Christiaan Huygens was a pre-eminent scientist born in April
of 1629 at The Hague. His essays delved into areas that many people
living in his time did not truly comprehend. In 1651, one of his
essays demonstrated quadrature system fallacies, proposed by another
scientist. Huygens realized that modern methods brought in essential
points unknown by former essay writers.
Huygens worked to improve the telescope, as well. His brother
and he worked together to devise a better, new way to grind and
polish telescope lenses. After this breakthrough, numerous astronomical
questions were resolved. His observations necessitated more precise
time measurements. This led to the invention of a pendulum clock,
which replaced the balance-clocks of the day.
Huygens spent time in England around 1657, but by that time he
had such a positive reputation for brilliance that Louis XIV offered
a pension to live in Paris. This city became Huygens' home. He
published a memoir that proved momentum in one direction preceding
collision of two separate bodies is the same as after that collision.
In 1673, Huygens' Horologium Oscillatorium was published in Paris.
He devoted a chapter to pendulum clocks, and another to heavy
body descent in a vacuum, under their weight, whether in a smooth
curve or vertically. He demonstrated the means by which a moving
line could be determined. He also solved the compound pendulum
problem, by showing that the oscillation and suspension centers
Huygens also discussed once more the clock theory, and this chapter
contained the first attempt at applying finite size body dynamics
which previously had only applied to particles, by popular belief.
Huygens proposed in 1675 to regulate timepiece motion using a
balance spring. Smaller clocks and watched were invented in the
early 16th century, and they were common but unreliable, driven
by one main spring. The first balance spring watch was made under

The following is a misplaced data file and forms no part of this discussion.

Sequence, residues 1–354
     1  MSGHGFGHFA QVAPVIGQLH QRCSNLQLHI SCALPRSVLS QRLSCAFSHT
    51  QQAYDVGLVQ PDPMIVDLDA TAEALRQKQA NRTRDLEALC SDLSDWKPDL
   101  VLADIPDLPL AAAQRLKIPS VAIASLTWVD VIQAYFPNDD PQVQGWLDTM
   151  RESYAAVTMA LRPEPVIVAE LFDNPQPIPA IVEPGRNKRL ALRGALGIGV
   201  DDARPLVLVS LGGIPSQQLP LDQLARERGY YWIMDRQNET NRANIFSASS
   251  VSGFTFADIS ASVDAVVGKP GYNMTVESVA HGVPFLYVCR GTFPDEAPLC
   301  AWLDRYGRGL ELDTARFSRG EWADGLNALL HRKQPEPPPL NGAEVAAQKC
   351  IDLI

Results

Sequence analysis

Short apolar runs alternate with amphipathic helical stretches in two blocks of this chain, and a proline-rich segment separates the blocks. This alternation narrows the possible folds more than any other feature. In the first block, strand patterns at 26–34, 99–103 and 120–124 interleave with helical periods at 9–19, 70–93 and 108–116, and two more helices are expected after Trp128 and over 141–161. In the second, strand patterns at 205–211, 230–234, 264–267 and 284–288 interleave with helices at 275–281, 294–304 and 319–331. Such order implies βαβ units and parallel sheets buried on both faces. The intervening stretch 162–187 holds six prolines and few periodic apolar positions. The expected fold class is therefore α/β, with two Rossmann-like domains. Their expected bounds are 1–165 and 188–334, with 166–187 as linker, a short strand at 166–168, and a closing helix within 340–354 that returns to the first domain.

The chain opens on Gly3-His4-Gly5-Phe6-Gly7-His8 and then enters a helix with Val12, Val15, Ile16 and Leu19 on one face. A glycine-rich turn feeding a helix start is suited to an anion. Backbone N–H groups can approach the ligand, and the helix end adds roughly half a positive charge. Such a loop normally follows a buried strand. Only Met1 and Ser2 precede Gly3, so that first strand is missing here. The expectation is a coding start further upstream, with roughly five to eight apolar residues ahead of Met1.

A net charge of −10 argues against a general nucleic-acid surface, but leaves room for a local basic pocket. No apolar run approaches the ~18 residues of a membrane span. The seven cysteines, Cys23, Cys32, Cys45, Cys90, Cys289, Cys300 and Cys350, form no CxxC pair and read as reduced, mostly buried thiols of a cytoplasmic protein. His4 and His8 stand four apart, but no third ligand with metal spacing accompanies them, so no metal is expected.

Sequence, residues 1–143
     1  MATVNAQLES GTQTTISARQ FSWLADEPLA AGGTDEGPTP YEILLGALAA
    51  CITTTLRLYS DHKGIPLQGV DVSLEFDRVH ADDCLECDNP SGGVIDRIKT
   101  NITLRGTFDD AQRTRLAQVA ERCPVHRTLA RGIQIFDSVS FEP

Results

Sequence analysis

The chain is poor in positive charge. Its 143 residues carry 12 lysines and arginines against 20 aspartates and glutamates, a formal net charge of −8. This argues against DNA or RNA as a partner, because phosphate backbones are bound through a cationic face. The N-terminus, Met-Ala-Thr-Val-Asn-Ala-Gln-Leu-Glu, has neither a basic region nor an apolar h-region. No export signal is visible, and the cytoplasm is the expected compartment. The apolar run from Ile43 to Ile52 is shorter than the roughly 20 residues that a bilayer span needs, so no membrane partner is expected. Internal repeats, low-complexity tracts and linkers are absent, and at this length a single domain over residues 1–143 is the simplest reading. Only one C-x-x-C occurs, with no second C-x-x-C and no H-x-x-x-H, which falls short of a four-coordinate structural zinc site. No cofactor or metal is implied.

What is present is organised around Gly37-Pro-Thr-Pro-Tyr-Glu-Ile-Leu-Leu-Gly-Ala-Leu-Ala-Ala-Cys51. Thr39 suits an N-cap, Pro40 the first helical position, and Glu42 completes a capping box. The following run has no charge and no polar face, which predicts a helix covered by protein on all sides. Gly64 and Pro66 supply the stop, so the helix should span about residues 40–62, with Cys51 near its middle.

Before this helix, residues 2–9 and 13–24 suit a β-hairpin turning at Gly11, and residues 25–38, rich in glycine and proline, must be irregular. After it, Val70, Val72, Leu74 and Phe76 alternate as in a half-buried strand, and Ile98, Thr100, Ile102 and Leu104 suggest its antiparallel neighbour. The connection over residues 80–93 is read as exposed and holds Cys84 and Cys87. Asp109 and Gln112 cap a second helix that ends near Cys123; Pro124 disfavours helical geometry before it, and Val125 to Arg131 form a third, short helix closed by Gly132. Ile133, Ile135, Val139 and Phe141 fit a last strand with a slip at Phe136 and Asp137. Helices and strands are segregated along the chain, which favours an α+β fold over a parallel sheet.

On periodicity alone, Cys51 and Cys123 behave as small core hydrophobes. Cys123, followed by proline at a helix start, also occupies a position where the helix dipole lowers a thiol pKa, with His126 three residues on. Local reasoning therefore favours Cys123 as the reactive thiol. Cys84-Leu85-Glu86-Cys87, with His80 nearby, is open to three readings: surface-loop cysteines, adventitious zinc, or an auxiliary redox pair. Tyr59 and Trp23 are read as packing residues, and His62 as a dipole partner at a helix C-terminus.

the direction of Huygens and given to Louis XIV.
Huygens traveled in 1681 back to Holland, and worked with enormous
focal length lenses. He presented the three longest focal lengths
to The Royal Society of London, which still owns them today. He
also discovered a telescope's achromatic eye-piece, named after
In 1690, Huygens published a treatise explaining the undulatory
theory. This dealt with the mechanical production of light, and
the limited ways it could be produced. He used previous hypotheses
to deduce the refraction and reflexion laws, and explained double
refraction. He had also experimented with polarization.
Isaac Newton rejected the emission theory by Huygens, and Newton's
reputation carried much weight, although his position in his theory
was to be proven untenable. As it turned out, Huygens himself
didn't account for all of the facts involved, and the problem
regarding the way the effects of light are produced still is not
Until his death in 1695, Huygens discovered important facts in
physics, astronomy and mathematics. He also found the rings of
Saturn, and a moon of Saturn as well. His work is still referred
to today, in the areas of centrifugal force.
Rumor Has It …
Rumor has it that Christiaan Huygens discovered the revolving
credit account thereby rendering that many bodies in motion don't
stay in motion, rather they end up in debt and living on your
Written by Kevin Lepton